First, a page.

The space that I am in is a 10’ x 6’ jail cell. The walls are tan but you can barely see the cream color of the original paint with pasted on dirt that engulfs the room. Soiled toilet paper balls thrown onto the walls becoming home made art. Every inch of it covered in filth. Garbage all over the floors, steel silver toilet completely filled with unflushable shit, putrid, a black sea overflowing. The entire space smelling of a combination of urine, vomit and feces.
I sat on a bench where people carved their names that they were here. I was careful not to move in this space I didn’t want any of this experience on me. I sat in the corner closest to the prison bars not allowing my head to lean too closely to the walls or touch anything, even though I was exhausted… even though what I wanted more than anything was to lay down and sleep… wishing that this moment was a dream that I would wake up and be in my bed… wanting to believe that this moment was not really happing to me… Alicia Anabel Santos…
“PLACE YOUR HANDS BEHIND YOUR BACK!”
These would be the words tattooed on my eyelids, stitched in heart, marking my soul!
This is a reflection… a contemplation of the moments that would lead up to a moment that would serve as yet another moment of trauma in my life.
It’s Thursday, April 4th, 2013. My one-woman show I WAS BORN debuted and kicked off its college tour at the University of New Haven. It was a packed house. Jenny Perez delivered the testimonies of 8 of the most heart wrenching stories ever passed down through me. She is an honor to watch.
After the show we had a talk back. The students asked some amazing questions and addressed some powerful issues and subjects. They talked about the characters that impacted them;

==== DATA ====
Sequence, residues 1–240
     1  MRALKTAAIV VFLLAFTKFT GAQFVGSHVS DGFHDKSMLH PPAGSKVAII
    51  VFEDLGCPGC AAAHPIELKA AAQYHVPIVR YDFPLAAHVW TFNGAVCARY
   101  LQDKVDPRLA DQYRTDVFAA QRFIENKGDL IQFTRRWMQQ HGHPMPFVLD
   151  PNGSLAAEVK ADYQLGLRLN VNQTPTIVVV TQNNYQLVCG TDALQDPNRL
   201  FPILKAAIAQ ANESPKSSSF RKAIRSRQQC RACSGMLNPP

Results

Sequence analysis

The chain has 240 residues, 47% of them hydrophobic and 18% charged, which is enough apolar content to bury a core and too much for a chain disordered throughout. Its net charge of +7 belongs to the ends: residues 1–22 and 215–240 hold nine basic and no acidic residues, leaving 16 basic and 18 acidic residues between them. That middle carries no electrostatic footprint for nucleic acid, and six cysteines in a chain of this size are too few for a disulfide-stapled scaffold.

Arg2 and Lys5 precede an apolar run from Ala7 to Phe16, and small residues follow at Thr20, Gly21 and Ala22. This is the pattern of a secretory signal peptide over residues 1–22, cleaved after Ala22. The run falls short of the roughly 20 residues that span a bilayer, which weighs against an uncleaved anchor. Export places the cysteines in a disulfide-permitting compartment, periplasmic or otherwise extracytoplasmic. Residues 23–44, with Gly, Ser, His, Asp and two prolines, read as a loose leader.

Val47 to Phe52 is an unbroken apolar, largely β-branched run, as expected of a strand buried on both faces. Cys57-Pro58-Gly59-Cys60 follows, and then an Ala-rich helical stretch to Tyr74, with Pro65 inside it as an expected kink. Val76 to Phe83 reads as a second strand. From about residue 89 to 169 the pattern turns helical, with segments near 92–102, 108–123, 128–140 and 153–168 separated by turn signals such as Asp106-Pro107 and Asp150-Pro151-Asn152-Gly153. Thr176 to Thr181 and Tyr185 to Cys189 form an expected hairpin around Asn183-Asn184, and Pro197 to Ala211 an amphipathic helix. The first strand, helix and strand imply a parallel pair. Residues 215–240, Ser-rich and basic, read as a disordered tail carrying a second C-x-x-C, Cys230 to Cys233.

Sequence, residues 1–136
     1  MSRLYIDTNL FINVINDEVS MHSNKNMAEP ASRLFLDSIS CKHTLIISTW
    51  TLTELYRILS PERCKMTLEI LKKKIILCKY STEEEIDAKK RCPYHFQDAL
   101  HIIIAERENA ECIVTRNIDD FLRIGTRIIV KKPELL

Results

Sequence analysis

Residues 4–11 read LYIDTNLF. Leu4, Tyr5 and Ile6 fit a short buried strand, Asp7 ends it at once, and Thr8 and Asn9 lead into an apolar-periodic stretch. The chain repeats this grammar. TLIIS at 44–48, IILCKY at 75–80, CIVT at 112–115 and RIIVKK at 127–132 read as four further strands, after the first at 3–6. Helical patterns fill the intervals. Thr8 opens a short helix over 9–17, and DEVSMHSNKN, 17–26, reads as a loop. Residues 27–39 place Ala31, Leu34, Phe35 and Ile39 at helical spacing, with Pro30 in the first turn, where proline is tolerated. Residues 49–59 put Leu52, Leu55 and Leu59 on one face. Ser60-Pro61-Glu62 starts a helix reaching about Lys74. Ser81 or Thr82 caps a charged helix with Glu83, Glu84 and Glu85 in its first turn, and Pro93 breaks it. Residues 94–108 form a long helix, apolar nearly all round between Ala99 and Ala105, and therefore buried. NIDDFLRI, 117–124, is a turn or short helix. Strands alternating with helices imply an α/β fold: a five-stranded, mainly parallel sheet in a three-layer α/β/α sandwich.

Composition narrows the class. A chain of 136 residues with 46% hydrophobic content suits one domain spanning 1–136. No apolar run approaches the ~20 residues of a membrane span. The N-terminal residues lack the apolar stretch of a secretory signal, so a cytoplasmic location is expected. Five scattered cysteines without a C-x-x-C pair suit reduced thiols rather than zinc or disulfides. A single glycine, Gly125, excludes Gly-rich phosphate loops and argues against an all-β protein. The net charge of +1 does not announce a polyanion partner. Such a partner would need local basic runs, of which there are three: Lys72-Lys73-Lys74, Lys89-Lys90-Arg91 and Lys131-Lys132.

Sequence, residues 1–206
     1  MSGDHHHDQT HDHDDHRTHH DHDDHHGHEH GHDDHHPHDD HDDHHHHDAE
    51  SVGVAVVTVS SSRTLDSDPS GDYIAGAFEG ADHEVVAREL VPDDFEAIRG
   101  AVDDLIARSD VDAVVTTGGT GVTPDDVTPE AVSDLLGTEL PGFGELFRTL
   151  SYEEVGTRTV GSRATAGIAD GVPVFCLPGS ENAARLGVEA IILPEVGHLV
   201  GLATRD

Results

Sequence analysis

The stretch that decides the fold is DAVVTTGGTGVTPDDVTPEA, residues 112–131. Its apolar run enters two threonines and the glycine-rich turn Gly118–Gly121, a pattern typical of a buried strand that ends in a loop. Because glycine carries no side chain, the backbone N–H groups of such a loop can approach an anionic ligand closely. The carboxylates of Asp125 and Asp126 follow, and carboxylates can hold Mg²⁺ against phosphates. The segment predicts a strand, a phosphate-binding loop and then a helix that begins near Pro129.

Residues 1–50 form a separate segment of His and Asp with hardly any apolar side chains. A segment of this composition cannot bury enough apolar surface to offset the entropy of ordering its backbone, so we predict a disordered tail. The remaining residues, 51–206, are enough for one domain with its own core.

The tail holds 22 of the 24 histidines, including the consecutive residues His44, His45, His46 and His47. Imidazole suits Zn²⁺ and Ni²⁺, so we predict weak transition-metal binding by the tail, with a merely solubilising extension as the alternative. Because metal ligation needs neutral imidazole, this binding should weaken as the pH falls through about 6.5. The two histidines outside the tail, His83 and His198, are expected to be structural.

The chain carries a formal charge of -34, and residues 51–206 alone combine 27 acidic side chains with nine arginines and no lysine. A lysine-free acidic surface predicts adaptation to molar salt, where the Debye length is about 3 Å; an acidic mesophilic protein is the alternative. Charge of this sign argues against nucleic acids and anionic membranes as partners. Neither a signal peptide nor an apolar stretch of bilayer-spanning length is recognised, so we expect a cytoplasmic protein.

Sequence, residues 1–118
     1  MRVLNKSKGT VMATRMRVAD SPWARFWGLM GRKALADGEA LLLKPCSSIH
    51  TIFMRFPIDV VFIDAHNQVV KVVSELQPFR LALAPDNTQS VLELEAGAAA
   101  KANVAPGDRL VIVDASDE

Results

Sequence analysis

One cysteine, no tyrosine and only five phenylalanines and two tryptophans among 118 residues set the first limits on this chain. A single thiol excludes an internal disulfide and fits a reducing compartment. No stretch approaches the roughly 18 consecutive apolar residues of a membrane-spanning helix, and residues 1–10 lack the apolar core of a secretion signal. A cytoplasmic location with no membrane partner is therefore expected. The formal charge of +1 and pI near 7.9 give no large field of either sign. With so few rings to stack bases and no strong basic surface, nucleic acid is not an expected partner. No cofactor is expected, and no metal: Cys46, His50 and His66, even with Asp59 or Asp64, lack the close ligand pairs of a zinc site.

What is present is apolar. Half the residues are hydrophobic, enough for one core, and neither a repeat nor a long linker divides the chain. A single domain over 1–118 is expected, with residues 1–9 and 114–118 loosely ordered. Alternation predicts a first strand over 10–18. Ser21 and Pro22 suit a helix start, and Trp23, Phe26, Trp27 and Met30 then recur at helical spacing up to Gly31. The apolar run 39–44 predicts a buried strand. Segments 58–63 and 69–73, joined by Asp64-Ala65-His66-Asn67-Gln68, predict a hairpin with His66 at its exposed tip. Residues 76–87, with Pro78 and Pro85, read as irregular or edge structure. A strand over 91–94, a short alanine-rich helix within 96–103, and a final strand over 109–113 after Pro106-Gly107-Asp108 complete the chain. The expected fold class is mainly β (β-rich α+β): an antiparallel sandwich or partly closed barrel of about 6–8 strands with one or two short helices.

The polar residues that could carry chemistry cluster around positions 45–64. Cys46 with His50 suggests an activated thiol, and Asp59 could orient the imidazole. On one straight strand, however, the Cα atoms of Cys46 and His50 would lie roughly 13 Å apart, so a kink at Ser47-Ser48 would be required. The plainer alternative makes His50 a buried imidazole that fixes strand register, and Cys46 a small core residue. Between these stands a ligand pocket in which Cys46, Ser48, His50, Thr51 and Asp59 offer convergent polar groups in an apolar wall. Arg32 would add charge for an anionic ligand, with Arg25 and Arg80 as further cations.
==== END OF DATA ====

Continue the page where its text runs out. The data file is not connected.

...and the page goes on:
Milagros, the 16-year-old prostitute from the Dominican Republic, appreciating the realness of her voice and the issue of sexual tourism.
Clara, the 5-year-old from Chile who was molested by her father (for three years), yet the government awarded him visitation with the young girl.
Isabella of Peru, a young girl being exploited by her parents, who uses her talents out of the dire necessity to eat.
Priscilla, the hip-hop artist from Cuba who is seeking freedom for herself though her voice.
Mara, a successful writer from Puerto Rico who self-mutilates because all she ever wanted was to make her father proud.
Veronica, a lesbian who maries a man for a visa in order to save her family, “it all about the family!”
Caya, an indigenous woman from Colombia who is being pushed from her lands by the guerilla.
And finally Lia, the narrator of this incredibly important story. Lia, a CNN correspondent from the United States. Who after traveling all over Latin America realizes that she must bring these stories home and address the atrocities that are happening to womyn all over Latin America.
One of the things we talked about after the play was how this story wasn’t just one about womyn in Latin America, but it is a universal story effecting womyn all over the world. These womyn live everywhere and come from so many different cultures and countries. Violence against womyn is the number 1 human rights violation impacting the world!
Lia, who was chosen to tell their stories… stories of survival, abuse, inequality, discrimination, injustice, exploitation, hyper-sexualization and objectification of women, femicide and invisibility. Her message is one that fights for equality and social justice!
Lia—who is really ALICIA!
A womyn who lives to tell stories that depict the strength of spirit that lives in each womyn but especially mujeres Latinas.
We toasted with a glass of wine before leaving… here’s to Jenny Perez, the amazing womyn of I WAS BORN and to me. It was a perfect ending to a perfect evening!